I was glad I made the effort to return on the Sunday to the excellent Waterford Film Festival, at the Tower Hotel, where I saw forty, mostly short, films.
I enjoyed the work of Katie Michaelak especially “Through Her Eyes” about a beautiful young girl making sense of a complex world as she sets out to run away with her pink bag on wheels. The shining innocence was well caught.
There were jokey postman stuff, a funny Blunder, a girl band pastiche, Russia mafia, a gruesome crime story where fingers were lopped off by a Fair City character.
Ray Frisby from Slieverue had an atmospheric 40 Foot Rising, about a depressed young man who plans a dual suicide with a wavering friend. The build-up of gathering the equipment, family scenes, a bus trip to Tramore featuring Stagemad actors James Power and Brid Power. A character eats a blaah as another inflated a hideously yellow dingy and sets out across a lake. The cell background seemed corny but I was impressed by the chilling understated impact of the effect seen through the eyes of others.
A ghost story of a man going to bury a dead body of mother and child at sea in EBB was beautifully stated as live figures and ghosts inhabited the same beach, the same frame. A marital infidelity story blended into a memory of an aging actress, going back to her days of applause and fame as she walked out into a river.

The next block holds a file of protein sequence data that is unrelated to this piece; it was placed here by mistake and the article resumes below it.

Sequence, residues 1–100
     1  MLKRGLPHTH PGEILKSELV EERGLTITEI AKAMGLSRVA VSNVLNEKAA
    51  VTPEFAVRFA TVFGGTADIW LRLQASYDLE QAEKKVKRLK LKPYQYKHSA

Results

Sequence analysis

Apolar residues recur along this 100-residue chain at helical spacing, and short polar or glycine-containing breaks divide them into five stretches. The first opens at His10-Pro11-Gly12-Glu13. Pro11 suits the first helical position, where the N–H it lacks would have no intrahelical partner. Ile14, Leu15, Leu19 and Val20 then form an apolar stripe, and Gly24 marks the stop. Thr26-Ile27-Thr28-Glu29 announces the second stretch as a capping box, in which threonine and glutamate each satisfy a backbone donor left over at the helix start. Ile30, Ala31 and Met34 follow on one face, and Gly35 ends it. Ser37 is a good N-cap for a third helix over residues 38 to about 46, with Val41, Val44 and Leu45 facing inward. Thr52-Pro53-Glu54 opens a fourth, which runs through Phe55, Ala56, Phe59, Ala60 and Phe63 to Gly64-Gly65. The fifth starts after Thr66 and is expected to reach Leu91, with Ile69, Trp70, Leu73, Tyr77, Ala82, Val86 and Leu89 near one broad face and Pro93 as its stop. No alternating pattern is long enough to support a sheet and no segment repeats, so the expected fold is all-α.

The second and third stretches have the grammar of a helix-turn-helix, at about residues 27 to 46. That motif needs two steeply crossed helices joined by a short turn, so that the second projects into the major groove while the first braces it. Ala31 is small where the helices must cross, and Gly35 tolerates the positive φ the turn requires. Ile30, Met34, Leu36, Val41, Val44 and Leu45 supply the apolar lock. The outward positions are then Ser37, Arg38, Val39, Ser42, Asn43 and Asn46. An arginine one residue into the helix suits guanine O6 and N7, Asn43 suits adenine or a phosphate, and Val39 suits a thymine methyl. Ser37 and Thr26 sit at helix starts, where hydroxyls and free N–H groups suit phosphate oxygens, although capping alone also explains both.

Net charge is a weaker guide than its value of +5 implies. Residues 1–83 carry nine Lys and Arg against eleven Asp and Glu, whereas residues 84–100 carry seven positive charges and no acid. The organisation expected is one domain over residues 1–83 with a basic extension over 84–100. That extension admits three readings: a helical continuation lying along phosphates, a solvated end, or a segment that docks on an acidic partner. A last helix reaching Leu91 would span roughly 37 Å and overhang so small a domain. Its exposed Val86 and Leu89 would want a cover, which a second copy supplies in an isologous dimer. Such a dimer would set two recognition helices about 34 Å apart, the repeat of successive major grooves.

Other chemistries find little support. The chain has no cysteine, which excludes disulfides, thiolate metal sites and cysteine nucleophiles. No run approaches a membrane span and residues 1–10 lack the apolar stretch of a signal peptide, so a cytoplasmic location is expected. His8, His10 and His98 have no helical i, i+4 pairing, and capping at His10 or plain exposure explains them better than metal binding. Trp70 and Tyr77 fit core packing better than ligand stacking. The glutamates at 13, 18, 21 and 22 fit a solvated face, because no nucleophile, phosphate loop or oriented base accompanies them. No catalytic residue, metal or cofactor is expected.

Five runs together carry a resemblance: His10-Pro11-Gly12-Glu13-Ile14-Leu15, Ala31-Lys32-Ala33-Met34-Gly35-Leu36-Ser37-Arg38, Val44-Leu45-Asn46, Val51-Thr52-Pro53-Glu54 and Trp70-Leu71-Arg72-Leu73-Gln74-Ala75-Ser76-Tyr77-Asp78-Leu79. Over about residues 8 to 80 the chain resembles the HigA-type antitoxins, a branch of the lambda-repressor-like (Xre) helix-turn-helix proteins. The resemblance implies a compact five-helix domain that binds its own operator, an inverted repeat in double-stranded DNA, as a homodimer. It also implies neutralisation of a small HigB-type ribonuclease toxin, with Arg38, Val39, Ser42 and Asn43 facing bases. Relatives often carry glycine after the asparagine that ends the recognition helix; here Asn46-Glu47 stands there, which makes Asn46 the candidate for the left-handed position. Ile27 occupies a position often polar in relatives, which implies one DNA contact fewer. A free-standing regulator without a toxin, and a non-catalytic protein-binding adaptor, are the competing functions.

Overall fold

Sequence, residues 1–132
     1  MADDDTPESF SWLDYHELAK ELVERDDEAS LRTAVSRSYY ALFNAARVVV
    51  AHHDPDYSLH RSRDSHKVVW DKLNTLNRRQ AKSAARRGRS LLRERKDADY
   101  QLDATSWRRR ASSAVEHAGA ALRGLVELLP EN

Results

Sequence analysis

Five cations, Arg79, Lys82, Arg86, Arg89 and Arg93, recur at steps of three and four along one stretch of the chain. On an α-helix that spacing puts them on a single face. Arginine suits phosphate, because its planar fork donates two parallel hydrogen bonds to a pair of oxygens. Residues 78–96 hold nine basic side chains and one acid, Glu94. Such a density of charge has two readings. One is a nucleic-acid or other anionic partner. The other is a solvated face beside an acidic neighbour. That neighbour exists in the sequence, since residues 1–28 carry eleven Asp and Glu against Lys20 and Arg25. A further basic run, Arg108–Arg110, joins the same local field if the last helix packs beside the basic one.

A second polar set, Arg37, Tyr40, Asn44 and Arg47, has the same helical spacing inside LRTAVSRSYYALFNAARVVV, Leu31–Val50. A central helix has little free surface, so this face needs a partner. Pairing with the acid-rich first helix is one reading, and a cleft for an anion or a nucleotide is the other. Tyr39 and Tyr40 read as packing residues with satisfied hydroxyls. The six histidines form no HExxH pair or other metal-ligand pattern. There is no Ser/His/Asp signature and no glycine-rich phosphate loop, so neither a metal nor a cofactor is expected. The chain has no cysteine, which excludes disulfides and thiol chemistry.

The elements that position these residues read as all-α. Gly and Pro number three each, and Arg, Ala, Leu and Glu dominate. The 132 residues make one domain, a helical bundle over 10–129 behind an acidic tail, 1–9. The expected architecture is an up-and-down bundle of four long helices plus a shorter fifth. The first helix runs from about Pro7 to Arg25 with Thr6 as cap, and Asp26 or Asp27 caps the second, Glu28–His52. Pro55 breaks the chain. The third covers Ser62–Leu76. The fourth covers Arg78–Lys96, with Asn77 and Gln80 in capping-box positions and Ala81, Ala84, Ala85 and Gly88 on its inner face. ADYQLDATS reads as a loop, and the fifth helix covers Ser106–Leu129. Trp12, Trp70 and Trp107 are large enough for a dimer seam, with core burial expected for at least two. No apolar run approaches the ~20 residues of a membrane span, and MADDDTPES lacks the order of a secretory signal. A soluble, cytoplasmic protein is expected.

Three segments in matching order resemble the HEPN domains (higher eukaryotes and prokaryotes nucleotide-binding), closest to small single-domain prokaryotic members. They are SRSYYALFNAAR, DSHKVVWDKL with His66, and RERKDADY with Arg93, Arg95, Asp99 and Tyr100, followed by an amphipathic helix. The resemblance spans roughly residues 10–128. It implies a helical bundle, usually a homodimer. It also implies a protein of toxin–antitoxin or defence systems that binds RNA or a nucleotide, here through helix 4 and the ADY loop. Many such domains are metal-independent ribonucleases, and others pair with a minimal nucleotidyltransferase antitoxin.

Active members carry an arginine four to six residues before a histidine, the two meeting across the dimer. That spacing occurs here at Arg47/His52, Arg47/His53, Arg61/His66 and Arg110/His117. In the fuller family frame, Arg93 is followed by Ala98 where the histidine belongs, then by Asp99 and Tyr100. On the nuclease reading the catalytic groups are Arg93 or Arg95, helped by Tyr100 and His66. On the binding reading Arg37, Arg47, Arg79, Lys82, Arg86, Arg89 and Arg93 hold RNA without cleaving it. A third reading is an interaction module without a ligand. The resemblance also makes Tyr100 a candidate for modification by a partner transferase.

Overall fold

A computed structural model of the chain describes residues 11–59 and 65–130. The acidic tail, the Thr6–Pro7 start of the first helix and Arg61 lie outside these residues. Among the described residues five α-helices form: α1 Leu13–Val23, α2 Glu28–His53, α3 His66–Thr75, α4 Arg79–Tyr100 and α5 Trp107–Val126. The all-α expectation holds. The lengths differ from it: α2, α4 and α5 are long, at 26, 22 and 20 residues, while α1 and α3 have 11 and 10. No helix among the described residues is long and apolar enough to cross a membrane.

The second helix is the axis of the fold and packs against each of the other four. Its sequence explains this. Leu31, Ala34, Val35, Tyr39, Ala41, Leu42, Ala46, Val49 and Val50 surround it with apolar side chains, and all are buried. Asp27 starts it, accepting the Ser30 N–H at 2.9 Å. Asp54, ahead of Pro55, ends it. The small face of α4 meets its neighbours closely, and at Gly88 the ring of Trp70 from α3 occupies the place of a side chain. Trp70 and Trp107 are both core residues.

I loved Katie Michaelak’s modern Irish angels story of Angels On Strike. A boobs and blood shocker, The Intruder had a quirky quality of internet chatroom horror.
In one afternoon hour I saw such a range of styles and loved The Chef’s Letter by Sybil Mair, beautifully filmed in an oblique style of a married chef on his birthday deciding o leave his wife and child for a colleague in the kitchen. He writes a letter to the colleague and then sees, almost out of the corner of his eye, that his affections as misplaced so he rips up the letter. Lots of visual understatement but a cliché of a cello backing track.
The Waterford surreal artist, Anthony Costine, had a clever and unusual three minute video set to a John Haggis song, Fast Cars. While the number might have been sub-Snow patrol, the video was psychadelic, weightlessness as model cars took on lives of their own and floated in an unreal space, an every changing place at the edge of sanity or seriousness.
I was very impressed by the dedication and vision of Festival organiser Stephen Byrne and his colleagues, Jamie Dower and Joan Roche. The range of films and very unexpected and often fascinating and another fine example of the variety of arts in Waterford.